Research finds trees can be at risk if mining alters groundwater levels—8 September

ARC-funded research from Western Sydney University has found open-cut mines that modify groundwater levels can impact ecosystems outside official boundaries, raising questions about their full ecological effects. The study was awarded a Linkage Project grant supporting collaborations alongside The University of Sydney and Rio Tinto Iron Ore. Mining below groundwater tables is increasing globally, but little is known about what happens to nearby trees and ecosystems when groundwater is diverted around mines to prevent the flooding of pits. "We know Australian trees, such as eucalypts, can extend roots 30 metres or deeper into the ground to find water," said Dr Sebastian Pfautsch, from the Hawkesbury Institute for the Environment. "What we examined in this study is how these trees respond when nearby mine operations start changing underground water supplies."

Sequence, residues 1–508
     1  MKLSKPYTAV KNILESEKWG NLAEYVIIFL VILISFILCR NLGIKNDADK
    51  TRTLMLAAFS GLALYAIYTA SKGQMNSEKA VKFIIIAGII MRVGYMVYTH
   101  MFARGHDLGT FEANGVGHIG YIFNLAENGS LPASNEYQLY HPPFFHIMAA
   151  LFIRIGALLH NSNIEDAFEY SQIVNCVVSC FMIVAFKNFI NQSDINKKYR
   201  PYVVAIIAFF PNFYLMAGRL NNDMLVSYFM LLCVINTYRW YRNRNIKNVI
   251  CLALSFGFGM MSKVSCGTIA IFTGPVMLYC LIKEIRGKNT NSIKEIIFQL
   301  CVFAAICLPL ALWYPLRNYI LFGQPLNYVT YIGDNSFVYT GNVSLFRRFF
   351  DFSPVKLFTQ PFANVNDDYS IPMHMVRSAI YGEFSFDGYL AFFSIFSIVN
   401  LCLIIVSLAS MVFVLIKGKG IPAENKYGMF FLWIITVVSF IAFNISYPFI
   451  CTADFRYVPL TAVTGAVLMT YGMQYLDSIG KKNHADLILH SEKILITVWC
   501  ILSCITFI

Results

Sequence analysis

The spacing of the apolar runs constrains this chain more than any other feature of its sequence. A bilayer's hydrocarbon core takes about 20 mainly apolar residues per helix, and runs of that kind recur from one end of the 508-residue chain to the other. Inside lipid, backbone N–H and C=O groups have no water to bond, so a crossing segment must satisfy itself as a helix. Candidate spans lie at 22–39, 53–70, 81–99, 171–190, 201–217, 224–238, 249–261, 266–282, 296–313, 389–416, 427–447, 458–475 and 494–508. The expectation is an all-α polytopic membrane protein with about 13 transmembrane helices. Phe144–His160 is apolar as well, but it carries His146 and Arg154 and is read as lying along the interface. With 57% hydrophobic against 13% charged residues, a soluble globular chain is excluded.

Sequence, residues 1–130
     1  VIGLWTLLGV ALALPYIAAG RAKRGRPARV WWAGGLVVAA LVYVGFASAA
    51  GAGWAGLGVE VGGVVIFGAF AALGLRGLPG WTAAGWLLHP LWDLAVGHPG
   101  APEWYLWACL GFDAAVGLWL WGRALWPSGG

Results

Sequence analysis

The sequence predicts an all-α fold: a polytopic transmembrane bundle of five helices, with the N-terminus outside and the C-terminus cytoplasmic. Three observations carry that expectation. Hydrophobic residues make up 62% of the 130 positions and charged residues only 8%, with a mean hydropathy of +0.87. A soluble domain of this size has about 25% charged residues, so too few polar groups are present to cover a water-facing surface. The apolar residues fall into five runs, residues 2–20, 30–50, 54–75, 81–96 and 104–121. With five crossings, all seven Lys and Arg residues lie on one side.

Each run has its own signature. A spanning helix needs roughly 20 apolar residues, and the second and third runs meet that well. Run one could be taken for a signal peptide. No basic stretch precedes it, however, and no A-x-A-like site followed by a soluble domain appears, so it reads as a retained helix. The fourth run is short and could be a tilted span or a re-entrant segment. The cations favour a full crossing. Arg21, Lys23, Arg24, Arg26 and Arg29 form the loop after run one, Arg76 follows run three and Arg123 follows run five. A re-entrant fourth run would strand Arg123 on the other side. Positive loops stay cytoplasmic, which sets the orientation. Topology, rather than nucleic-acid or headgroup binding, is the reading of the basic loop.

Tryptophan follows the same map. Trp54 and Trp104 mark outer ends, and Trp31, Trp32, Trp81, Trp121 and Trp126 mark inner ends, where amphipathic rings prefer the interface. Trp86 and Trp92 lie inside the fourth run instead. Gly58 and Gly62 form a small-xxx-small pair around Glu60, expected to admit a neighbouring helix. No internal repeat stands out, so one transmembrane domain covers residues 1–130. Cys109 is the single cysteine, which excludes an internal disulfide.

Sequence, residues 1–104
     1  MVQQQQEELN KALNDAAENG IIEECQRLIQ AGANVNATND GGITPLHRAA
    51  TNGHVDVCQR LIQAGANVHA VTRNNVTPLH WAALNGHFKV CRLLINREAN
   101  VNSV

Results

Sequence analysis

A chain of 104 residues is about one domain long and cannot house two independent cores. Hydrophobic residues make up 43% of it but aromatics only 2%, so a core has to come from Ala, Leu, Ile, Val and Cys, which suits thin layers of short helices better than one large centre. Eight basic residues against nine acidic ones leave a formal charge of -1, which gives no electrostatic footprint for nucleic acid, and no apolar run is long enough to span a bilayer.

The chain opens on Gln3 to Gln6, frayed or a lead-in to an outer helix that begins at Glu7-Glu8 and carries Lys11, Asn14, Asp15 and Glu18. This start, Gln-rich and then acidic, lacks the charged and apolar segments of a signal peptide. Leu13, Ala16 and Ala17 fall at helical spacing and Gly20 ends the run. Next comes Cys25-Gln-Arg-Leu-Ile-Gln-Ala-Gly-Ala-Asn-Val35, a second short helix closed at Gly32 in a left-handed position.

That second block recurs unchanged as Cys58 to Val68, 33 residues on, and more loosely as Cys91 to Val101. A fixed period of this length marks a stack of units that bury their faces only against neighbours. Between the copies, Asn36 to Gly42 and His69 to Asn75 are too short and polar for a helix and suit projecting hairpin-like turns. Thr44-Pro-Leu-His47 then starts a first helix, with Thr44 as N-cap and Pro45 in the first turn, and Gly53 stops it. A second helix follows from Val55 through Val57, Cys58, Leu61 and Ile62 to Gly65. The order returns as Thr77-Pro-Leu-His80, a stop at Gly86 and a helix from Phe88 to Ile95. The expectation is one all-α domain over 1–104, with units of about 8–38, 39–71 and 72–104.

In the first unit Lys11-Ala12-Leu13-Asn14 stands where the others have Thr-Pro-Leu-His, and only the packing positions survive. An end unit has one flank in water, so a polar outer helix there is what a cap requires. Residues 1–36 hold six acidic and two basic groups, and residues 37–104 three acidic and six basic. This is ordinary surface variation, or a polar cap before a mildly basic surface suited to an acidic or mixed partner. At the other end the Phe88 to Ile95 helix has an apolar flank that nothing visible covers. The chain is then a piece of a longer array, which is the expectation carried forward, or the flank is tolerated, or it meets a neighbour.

Media issued by Western Sydney University.

Image: Ephemeral creek at the beginning of the dry season—surface water still visible, groundwater very close to the surface
Image courtesy: Sebastian Pfautsch


Original Published Date: 
Tuesday, September 8, 2015